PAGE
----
Representatives Cheri Bustos (IL-17) and John Katko (NY-24) recently reintroduced the bipartisan Senator Paul Simon Study Abroad Program Act. The bill would establish a competitive grant program, run by the Department of Education, for colleges and universities to expand study abroad opportunities for undergraduate students. It is named after the late Illinois senator Paul Simon, who encouraged Congress to come together and prepare the next generation of Americans with the global knowledge and skills needed in an increasingly interconnected world.
“I’m proud to introduce legislation to honor the life and legacy of Senator Paul Simon who was such an important person in my life,” Congresswoman Bustos said.
“This bipartisan legislation carries out his commitment to creating new opportunities for our young people, upholds his tradition of working across the aisle, and will help our next generation of leaders be well-equipped to take on some of the most pressing challenges facing our global society.”
“I am pleased to join Representative Bustos in introducing legislation that upholds the bipartisan tradition of the late Illinois Senator Paul Simon while working to foster a globally competitive workforce through investment in educational experiences,” said Rep. Katko.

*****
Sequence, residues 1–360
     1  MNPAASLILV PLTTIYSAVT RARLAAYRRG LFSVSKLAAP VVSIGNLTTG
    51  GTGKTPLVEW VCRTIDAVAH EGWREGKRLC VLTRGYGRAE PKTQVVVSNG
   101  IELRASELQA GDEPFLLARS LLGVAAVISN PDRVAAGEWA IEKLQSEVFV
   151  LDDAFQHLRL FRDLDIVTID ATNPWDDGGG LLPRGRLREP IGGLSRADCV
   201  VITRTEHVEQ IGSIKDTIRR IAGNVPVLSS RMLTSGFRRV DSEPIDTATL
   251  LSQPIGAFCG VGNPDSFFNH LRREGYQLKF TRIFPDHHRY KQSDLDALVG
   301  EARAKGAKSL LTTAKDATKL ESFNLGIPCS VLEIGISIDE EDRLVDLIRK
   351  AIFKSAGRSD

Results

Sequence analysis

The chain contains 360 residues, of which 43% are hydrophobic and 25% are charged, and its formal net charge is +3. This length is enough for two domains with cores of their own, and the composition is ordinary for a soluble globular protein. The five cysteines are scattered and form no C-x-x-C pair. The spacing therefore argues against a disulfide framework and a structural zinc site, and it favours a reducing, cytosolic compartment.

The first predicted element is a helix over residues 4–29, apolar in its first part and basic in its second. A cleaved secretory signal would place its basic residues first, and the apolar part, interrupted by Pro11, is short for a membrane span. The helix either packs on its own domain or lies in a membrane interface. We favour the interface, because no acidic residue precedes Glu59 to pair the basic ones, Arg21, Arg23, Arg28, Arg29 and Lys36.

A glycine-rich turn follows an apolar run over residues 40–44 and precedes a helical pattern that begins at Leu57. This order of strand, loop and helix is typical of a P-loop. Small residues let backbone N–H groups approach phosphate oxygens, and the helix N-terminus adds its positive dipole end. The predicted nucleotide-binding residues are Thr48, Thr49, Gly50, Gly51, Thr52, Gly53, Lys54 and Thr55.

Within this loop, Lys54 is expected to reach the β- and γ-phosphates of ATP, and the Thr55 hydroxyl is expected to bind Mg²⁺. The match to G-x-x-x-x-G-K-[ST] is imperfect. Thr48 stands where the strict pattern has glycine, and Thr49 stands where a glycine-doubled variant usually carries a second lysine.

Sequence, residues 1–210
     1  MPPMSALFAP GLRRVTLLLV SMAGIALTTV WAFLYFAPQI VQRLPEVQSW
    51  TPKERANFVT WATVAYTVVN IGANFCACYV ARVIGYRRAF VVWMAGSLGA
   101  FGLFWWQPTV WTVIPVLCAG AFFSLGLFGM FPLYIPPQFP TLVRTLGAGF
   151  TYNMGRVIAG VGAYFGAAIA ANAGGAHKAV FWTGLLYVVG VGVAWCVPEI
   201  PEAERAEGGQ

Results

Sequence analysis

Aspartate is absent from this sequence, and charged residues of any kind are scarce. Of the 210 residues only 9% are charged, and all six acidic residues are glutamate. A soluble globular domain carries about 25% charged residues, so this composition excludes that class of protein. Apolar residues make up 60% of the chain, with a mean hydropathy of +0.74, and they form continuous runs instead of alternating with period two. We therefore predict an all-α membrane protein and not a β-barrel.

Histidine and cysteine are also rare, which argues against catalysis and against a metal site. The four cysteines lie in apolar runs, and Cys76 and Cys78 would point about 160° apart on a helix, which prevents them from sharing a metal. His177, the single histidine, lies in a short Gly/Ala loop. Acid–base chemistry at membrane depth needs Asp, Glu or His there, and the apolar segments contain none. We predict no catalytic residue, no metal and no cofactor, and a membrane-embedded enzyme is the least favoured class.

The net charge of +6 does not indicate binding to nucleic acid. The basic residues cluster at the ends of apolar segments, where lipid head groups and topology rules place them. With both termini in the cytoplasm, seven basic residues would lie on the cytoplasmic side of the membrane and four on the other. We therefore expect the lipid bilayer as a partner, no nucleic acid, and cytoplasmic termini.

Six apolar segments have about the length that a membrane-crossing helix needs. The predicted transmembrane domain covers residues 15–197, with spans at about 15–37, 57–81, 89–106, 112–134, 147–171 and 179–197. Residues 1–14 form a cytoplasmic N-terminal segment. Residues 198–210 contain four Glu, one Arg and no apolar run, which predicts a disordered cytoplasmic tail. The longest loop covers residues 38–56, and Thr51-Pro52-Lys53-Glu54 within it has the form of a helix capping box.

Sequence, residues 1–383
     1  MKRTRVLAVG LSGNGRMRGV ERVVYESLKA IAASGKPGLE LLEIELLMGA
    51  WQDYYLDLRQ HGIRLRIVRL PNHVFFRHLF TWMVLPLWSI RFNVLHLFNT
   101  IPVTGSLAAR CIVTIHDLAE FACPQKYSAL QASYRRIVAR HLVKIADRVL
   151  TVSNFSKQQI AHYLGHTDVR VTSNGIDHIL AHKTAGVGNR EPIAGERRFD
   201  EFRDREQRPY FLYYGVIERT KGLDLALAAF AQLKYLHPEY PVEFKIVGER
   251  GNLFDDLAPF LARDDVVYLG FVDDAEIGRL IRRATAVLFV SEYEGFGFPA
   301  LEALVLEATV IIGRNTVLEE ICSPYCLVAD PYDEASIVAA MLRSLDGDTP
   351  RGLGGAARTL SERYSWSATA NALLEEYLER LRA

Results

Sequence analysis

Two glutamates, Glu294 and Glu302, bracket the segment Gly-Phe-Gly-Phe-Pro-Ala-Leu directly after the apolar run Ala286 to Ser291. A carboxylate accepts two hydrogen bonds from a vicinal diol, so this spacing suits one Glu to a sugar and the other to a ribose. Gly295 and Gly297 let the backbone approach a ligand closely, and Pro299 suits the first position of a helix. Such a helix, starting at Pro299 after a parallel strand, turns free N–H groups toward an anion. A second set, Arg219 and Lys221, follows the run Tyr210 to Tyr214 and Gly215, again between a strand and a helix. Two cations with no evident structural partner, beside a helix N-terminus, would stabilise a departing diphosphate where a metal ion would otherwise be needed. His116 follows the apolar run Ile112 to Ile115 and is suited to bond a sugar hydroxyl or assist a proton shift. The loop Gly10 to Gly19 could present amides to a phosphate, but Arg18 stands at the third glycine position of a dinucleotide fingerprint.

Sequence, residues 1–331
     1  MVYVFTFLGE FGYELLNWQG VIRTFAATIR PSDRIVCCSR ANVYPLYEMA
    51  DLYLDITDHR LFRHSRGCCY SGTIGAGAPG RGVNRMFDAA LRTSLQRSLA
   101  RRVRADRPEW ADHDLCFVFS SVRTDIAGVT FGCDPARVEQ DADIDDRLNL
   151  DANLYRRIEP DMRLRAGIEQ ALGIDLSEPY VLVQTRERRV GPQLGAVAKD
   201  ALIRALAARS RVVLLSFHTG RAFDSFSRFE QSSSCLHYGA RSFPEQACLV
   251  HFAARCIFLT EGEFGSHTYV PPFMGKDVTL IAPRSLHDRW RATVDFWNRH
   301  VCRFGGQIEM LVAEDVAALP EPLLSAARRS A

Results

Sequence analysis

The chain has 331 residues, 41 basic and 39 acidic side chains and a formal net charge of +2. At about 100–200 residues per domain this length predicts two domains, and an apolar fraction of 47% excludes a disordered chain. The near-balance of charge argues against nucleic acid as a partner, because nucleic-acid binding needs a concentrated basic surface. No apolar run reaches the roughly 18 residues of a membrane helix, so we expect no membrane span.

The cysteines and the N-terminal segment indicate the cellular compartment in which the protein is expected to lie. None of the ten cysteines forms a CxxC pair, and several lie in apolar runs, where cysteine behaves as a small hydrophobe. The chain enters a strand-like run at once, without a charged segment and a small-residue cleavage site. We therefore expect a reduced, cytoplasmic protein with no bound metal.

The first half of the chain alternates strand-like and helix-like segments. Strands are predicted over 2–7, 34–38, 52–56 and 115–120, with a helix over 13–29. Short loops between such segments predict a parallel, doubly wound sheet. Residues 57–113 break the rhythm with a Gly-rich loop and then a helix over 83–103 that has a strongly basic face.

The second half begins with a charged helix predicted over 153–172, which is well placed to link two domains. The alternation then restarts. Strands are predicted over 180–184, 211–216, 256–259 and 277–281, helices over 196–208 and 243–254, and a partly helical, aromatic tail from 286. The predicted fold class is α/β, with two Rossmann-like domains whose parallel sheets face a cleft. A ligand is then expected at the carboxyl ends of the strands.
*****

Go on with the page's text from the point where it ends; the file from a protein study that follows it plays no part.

“The U.S. needs to vastly and rapidly increase the number and diversity of its students studying abroad. The Simon Act would help do exactly that,” said Association of Public and Land-grant Universities president Peter McPherson. “Study abroad experience is indispensable in today’s global economy. And crucially, the Simon bill would increase the number of students studying in nontraditional countries, especially in the developing world.”
The goals of the grant program are to do the following:
- Increase the overall number of undergraduate students studying abroad annually to 1 million within ten years;
- Increase the number of nontraditional and minority students studying abroad so that the demographics of study abroad participation reflect the demographics of the undergraduate population;
- Increase the number of students who study abroad in nontraditional destinations, with an emphasis on study abroad in developing countries.
The bill is supported by more than 50 organizations including Language Magazine, Joint National Committee for Languages, American Council on the Teaching of Foreign Languages, NAFSA: Association of International Educators, Partners of the Americas, American Council on Education, Institute of International Education, American Association of Community Colleges, the Forum on Education Abroad, the Hispanic Association of Colleges and Universities, and the American Councils for International Education. Bipartisan legislation has been introduced in the U.S. Senate by Senators Dick Durbin (D-lllinois) and Roger Wicker (R-Mississippi).